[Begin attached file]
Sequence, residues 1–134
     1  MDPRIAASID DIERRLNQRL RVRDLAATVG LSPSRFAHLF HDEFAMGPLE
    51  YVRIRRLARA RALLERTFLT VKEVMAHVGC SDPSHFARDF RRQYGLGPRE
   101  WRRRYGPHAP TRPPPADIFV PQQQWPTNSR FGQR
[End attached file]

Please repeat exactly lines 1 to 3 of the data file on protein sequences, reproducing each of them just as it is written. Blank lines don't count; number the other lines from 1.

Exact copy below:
Sequence, residues 1–134
     1  MDPRIAASID DIERRLNQRL RVRDLAATVG LSPSRFAHLF HDEFAMGPLE
    51  YVRIRRLARA RALLERTFLT VKEVMAHVGC SDPSHFARDF RRQYGLGPRE